Undergraduate Courses and Subfields

 African American Studies undergraduate courses are offered in three subfields – African American Culture and Life, Race & Public Policy, and Global Race & Ethnicity. Courses outside of ‘AAS’ may count towards credit in the department if they satisfy our Articulation Agreements and/or are an Approved Cognate course. Courses at the 500-Level are aimed at graduate students, but undergraduates may be considered for enrollment on a case-by-case basis at the discretion of the instructor.

African American Culture and Life (AACL) Subfield
In the African American Culture and Life subfield students use and interrogate social science methodologies in examining the condition of the American state and American institutions and practices. With an analysis of race and ethnicity at the center, students will examine the development of institutions and practices, with the growth and formation of racial and ethnic identities, including changing perceptions, measures, and reproduction of inequality.

Race and Public Policy (RPP) Subfield
In the Race & Public Policy subfield students use the prevailing analytical tools and critical perspectives of African American studies to consider comparative approaches to groups, broadly defined. Students will examine the intellectual traditions, socio-political contexts, expressive forms, and modes of belonging of people who are understood to share common boundaries/experiences as either:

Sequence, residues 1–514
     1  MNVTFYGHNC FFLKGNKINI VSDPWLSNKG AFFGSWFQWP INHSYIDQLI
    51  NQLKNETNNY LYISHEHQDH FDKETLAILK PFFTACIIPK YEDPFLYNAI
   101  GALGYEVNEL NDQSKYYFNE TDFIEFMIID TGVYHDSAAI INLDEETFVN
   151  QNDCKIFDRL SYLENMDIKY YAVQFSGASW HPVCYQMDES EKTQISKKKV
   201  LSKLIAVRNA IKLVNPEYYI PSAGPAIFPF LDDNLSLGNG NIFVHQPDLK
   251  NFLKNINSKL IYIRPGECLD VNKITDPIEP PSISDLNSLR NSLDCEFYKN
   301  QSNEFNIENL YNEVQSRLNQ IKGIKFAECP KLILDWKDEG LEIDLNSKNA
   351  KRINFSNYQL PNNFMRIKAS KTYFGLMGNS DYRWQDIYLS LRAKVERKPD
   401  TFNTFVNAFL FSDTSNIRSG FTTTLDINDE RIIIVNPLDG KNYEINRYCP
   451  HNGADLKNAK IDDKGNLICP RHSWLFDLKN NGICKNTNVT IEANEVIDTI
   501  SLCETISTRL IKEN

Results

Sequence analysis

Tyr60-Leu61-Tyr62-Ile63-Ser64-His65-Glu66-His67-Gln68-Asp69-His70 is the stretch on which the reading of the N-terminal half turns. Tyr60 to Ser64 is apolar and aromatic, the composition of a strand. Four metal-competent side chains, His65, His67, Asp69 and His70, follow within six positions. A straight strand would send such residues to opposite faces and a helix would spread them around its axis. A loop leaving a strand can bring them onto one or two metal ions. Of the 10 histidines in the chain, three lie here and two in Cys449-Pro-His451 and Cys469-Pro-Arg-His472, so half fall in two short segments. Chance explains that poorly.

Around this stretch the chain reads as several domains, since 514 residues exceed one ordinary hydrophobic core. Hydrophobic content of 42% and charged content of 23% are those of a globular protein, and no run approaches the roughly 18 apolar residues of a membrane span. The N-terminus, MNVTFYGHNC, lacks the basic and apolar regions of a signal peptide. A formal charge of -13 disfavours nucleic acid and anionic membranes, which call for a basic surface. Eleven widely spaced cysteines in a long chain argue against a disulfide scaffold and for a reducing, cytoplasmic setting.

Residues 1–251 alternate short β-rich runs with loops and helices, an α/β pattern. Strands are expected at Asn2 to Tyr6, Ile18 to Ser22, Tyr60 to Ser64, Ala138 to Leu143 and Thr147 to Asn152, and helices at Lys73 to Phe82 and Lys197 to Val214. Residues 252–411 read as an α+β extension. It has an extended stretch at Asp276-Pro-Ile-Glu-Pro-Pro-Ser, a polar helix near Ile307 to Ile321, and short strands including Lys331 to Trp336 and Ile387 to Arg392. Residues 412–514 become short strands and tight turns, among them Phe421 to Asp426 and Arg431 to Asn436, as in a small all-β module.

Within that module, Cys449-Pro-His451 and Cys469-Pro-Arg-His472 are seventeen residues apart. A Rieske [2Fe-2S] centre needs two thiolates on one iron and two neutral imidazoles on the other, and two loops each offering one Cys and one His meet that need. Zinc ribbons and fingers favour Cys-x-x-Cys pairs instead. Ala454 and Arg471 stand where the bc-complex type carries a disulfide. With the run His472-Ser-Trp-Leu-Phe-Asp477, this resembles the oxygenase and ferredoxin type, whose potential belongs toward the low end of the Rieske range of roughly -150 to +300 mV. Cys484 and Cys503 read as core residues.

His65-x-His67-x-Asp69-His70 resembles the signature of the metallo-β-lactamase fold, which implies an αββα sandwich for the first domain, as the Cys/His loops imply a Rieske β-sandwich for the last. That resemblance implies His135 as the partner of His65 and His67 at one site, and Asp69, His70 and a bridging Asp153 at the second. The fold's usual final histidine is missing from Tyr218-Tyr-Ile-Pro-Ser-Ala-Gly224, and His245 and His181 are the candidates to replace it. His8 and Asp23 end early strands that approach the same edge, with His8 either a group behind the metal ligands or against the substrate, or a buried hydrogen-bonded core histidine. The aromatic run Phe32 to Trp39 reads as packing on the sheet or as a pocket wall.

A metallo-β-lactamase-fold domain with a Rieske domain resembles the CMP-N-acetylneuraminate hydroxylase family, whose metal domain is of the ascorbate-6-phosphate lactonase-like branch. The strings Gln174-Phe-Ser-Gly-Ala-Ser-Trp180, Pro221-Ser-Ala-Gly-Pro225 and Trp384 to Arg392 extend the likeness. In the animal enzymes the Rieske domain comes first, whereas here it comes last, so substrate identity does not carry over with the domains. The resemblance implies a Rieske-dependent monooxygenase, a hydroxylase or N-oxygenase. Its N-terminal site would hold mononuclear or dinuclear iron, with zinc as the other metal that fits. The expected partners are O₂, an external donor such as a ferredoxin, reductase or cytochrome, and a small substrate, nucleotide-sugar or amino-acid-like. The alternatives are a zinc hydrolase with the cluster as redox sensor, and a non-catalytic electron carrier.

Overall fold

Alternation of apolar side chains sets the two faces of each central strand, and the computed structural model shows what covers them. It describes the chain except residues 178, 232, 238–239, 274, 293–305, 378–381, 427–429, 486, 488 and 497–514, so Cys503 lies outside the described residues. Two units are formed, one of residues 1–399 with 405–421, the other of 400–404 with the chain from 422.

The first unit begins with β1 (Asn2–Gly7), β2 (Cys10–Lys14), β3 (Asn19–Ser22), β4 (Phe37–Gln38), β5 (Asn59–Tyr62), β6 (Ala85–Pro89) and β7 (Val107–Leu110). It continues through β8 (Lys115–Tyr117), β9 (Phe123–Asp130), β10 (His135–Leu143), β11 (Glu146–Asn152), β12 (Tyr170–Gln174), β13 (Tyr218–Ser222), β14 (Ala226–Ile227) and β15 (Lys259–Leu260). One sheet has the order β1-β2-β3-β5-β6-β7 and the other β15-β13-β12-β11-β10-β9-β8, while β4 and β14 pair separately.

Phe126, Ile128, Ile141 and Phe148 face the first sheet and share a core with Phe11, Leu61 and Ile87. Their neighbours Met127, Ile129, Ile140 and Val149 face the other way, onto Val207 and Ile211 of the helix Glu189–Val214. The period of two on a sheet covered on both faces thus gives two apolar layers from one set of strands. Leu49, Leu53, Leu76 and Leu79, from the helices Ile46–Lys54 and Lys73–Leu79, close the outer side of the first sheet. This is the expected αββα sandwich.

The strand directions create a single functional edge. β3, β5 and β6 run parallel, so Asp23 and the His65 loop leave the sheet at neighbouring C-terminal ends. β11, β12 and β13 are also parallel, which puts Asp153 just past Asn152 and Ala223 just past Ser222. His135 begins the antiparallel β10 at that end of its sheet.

(1) Africans and the African Diaspora outside of the United States and
     (2) non-African-descended people of color within the United States.

Global Race and Ethnicity (GRE) Subfield
In the Global Race & Ethnicity subfield students use and interrogate social science methodologies in examining the condition of the American state and American institutions and practices. With an analysis of race and ethnicity at the center, students will examine the development of institutions and practices, with the growth and formation of racial and ethnic identities, including changing perceptions, measures, and reproduction of inequality.

Fall 2017 Courses

Courses are not offered every semester, or every year. Refer to the Office of the Registrar for each term's specific offerings.

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AAS 201
Introduction to the Study of African American Cultural PracticesGRE and AACL

Taught by Professor Imani Perry